You’re on Facebook or Twitter and you want to be a part of a timely pop culture conversation by adding a witty observation or making a clever joke. Oreo’s repeated success at “culture jacking” has inspired you to keep your eye out for news and current events that are resonating strongly online and try to add to the conversation. You instruct your hip, young employee to take the reins and pair some jokes or cool comments with a trending hashtag, figuring you’ll attract a bit of attention and get users to notice your brand. Well, depending on the execution, people will notice all right, but it might not be the positive reaction you’re looking for.

Let me back up a bit. During the Oscar telecast last month, satirical newspaper/website The Onion took to Twitter to provide some Onion-esque observations about the ceremony and the evening’s attendees. One of their employees who had control of the Twitter account had this to say about 9-year old actress Quvenzhan√© Wallis, who was nominated for her impressive performance in the indie film Beasts of the Southern Wild [warning, language]:



Is it a joke? Yes. Is it edgy? Sure. Is it guaranteed to attract attention? Of course. But the reaction was largely negative, as even for a humor website, calling a child the c-word kind of crosses the line. Entertainment Weekly has a sample of some of the responses on Twitter, which were unsurprisingly hostile and critical of The Onion for stooping to such a classless level.

The ensuing shit storm prompted The Onion‘s CEO Steve Hannah to offer an apology, stating, “On behalf of The Onion, I offer my personal apology to Quvenzhan√© Wallis and the Academy of Motion Picture Arts and Sciences for the tweet that was circulated last night during the Oscars.” Entertainment Weekly noted his apology is uncharacteristic as The Onion has drawn scrutiny in the past for some of their questionable content and refused to apologize for their editorial decisions.

The difference this time boils down to three things. First, there’s a difference between being satirical and being mean, especially when your comments are directed towards a child. I’m not saying I necessarily agree with the vitriolic reactions to The Onion‘s tweet, but I do acknowledge that to a large number of people, there are some topics where you need to tread very lightly when it comes to making a joke (children, sexual abuse, the mentally or physically handicapped, to name a few).

Secondly, it is exceptionally difficult to convey tone when you’re reduced to 160 characters. I suspect The Onion would have been able to dodge the bullet better if they had supported this joke within a larger article format, where they could have been so outlandish in painting a ridiculous picture of Ms. Wallis that the reader could instantly identify the comments to be a joke. Unfortunately, calling someone a c*nt and leaving it at that causes people to react to the message accordingly, regardless of whether that message originated from a known humor outlet.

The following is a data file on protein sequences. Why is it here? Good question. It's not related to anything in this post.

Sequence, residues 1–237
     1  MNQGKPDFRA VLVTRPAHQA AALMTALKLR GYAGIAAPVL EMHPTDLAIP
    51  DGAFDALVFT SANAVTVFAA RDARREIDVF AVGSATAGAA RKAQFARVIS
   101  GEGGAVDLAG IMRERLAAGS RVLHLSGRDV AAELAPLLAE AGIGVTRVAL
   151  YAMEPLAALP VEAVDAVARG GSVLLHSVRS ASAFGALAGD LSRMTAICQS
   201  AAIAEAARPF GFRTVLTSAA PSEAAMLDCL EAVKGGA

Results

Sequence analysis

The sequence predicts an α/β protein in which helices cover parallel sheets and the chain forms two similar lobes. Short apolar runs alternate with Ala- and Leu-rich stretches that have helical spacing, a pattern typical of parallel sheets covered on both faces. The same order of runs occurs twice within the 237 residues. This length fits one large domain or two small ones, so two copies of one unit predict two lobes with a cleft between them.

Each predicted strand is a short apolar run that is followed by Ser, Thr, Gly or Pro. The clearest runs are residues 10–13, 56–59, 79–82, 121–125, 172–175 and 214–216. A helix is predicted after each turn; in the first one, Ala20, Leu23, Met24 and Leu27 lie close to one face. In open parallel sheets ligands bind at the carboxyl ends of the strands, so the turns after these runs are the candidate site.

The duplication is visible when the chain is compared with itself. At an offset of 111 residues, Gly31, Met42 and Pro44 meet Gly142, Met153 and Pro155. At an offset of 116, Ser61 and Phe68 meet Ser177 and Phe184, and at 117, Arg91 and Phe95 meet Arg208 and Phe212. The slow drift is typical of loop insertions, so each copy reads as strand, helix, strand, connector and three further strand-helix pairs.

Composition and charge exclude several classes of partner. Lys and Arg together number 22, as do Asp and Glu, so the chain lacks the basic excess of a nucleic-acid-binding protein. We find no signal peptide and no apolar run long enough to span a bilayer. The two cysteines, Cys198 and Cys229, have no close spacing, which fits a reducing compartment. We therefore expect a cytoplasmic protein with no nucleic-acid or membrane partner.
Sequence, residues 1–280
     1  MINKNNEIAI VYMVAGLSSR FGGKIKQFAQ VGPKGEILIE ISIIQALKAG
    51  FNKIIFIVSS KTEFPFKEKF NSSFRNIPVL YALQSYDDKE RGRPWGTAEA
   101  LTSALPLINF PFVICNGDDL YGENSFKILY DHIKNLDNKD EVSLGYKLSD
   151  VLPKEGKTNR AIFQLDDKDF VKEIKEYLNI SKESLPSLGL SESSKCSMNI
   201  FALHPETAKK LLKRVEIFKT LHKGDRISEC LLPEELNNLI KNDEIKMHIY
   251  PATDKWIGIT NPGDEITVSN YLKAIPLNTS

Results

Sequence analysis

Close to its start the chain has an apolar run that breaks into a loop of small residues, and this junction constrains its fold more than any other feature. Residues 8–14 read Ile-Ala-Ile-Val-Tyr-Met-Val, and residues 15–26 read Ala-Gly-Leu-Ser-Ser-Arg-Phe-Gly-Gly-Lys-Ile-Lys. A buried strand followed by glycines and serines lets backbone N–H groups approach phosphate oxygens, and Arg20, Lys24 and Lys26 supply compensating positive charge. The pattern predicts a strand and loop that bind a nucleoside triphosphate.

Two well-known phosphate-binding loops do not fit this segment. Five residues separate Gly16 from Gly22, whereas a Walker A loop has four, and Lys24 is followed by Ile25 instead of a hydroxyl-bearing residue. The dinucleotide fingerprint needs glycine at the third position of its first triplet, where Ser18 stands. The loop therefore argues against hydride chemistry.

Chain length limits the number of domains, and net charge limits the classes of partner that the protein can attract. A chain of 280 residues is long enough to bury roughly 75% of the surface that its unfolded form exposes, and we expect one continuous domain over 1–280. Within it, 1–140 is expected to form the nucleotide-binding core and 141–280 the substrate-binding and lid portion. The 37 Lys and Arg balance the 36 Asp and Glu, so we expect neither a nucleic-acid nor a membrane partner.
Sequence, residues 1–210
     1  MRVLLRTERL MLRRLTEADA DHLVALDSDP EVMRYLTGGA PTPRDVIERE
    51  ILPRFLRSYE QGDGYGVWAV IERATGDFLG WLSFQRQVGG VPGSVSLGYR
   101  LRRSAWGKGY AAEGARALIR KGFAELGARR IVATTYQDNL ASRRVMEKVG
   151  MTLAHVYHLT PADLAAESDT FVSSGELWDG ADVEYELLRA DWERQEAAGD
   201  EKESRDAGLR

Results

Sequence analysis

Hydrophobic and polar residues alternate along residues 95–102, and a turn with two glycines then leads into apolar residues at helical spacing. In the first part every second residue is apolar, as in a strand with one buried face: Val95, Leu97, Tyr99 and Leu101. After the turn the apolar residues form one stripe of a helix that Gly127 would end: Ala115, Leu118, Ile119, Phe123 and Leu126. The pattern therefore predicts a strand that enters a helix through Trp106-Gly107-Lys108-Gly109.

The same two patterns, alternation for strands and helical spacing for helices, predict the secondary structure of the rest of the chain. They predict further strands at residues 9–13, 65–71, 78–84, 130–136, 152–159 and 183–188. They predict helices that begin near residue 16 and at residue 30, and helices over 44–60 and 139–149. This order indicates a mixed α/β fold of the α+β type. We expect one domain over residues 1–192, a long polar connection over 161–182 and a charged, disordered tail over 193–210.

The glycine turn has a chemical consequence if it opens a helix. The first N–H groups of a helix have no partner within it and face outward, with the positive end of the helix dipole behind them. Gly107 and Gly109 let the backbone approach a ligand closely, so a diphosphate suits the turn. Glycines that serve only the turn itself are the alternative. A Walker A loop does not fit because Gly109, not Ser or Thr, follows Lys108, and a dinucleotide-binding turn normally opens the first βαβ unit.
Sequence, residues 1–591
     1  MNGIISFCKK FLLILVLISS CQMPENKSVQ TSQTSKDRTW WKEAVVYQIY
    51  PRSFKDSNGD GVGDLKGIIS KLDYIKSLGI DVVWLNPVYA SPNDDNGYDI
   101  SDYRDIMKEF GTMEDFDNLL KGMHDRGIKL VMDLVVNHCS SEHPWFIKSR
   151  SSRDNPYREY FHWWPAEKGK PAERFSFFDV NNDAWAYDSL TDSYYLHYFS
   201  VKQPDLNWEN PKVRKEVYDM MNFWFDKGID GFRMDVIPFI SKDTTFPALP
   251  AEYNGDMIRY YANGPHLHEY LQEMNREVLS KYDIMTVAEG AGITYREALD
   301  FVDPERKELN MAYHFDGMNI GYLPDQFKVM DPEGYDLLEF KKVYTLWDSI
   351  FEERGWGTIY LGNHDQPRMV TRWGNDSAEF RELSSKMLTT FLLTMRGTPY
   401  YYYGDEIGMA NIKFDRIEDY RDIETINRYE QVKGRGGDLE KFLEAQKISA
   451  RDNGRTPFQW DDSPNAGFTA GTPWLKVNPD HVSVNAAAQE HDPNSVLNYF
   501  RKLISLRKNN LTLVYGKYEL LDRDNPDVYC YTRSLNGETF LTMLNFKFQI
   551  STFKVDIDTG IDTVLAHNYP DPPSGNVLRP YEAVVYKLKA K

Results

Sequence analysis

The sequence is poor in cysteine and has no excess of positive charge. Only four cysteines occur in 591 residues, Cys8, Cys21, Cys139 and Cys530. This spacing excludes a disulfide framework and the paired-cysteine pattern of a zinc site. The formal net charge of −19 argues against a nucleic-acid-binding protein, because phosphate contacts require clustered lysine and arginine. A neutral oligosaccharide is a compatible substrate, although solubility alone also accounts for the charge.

Third, it’s not like The Onion posted this joke on their Facebook page, where fans of the brand would see it and (hopefully) understand the humor behind it. This was an open tweet sent out to the masses with a hashtag that thousands of other Twitter users were following and using. Total strangers who may not be familiar with The Onion were thus exposed to the comment and interpreted it as a mean, inappropriate attack on a child.

As Bill discussed in his last post, social media management should be taken seriously. Not only do you have to be mindful of who’s managing your Twitter and Facebook accounts, you need to be clear on what sort of comments or jokes are appropriate and which remarks risk leaving too much to interpretation. There’s more wiggle room on Facebook than there is on Twitter. You need to know each outlet’s intricacies and err on the side of caution.

Especially when you’re trying to interact with others or participate in a trending topic/news event, keep in mind the following:

  1. Whoever is handling your account for the event should be someone you trust can represent your brand professionally and appropriately.
  2. Be especially conscious of the platform being used. For example, on Twitter non-fans can see your tweets and may take special notice if you’re using a popular hashtag, so understand there will be broad digestion of your content.
  3. Discuss the tone/approach you want to convey and make sure it’s adhered to. No exceptions!
  4. Have a strategy in place should negative comments trickle in for whatever reason. For example, avoid having whoever is controlling your social media account respond in a knee-jerk manner if he’s feeling defensive or his feelings are hurt, but don’t necessarily ignore the criticism, either. Discuss the best course of action and execute it instead of shooting first and asking questions later.

The Onion‘s Oscar tweet incident is proof that even an established brand known for a certain type of tone and content can stumble and attract backlash over carelessly crafted content. The incident reinforces the need to have proper social media guidelines in place and to educate your staff on the type of content and appropriate tone to craft online that’s a professional reflection of your brand.